Today@UCI Home University of California, Irvine is a top-ranked university dedicated to research, scholarship and community service
 
   Search Tips   
Monday, July 28, 2014 | Contact University Communications | UCI Home
Home
Calendar
Newsroom
• Zot!Wire
• Press Releases
• Tipsheets
• Experts
• UCI in the News
• Healthcare News
Special Reports & Spotlights
• Arts & Humanities
• Campus Life
• Education
• Environment & Energy
• Health & Medicine
• Science & Business
• Society & Culture
Quick Facts
• Economic Impact
• Distinctions
• Fact Sheets
• Statistics & Reports
Resources
• Publications
• Graphic Identity
• Style Guide
• Meet the Media
Chancellor's Site
Emergency Readiness
Home > Feature Stories > Arts & Humanities > Profile Spencer Olin
Professor emeritus of history
On the record
Professor emeritus Spencer Olin puts county and campus in historical perspective (04.24.2006)

As UCI professor emeritus of history and the 2006 recipient of the campus’s prestigious Lauds & Laurels Extraordinarius Award for his longtime service to the university, Spencer Olin is one of the last people one would expect to watch “The O.C.” — a hit TV show about vapid, privileged Orange County teens.

Olin’s interest in the program, however, is purely academic. He’s curious about how the show portrays Orange County to the rest of the world. Olin describes himself as a “historian of modern America,” and his research has led to greater understanding of the county and of UCI.

He began studying Orange County — and dispelling the misconception of the region as a sleepy suburb of L.A. — in the mid-1980s.

“A group of us (historians and sociologists) decided the complex nature of Orange County was widely misunderstood,” he says. “At the time, bashing the ’burbs was common. Suburbs were viewed as bastions of parochialism, narrowness and exclusivity.”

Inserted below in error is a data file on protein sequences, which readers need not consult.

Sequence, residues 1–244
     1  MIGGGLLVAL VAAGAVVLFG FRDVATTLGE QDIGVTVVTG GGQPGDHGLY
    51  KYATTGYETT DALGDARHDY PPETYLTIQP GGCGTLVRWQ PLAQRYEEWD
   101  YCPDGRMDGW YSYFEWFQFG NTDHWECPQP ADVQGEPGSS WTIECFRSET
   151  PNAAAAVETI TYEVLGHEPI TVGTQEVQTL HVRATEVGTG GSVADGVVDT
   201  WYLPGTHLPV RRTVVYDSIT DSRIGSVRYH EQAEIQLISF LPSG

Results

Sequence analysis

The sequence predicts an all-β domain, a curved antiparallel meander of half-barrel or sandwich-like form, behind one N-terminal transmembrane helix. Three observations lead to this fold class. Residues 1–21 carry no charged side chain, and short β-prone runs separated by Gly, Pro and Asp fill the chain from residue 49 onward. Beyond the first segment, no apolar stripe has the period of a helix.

Their research led to an oft-cited book Olin co-authored called Postsuburban California: The Transformation of Orange County Since World War II. The O.C., the researchers suggested, was not a bedroom community but an “edge city” that was technologically advanced, economically potent and surprisingly diverse.

“It wasn’t consistent with the idea of sleepy hinterlands, of moms driving SUVs with screaming kids in the back seats. Orange County had cultural vitality.”

Olin’s interest in modern history has benefited UCI, as he focuses his research on the university itself. Few people know the campus better. He arrived here as a faculty member in 1965 and has held many key academic positions. In his busy postretirement years, he has served as adviser to the UCI Historical Records Project, and he’s delved into the campus’s “underappreciated” architectural history as co-curator of the UCI Libraries’ exhibit, Under Construction Indefinitely, and organizer of last fall’s 40th anniversary symposium, Designing UCI.

Olin will be honored for his contributions to the campus at the Alumni Association’s Lauds & Laurels ceremony Thursday, April 27, at The Westin South Coast Plaza. In 1998, he received the campus’s highest honor, The UCI Medal.

At the invitation of Chancellor Michael Drake, he’s currently recording UCI’s oral history.

“I feel fortunate to still have a role around here,” Olin says. The campus community feels fortunate, too.

— Kathryn Bold


Spencer Olin Spencer Olin

Vital Links

UCI Alumni Association

Lauds & Laurels Announced


UCI Home
A Service of University Communications © Copyright 2002-2009 UC Regents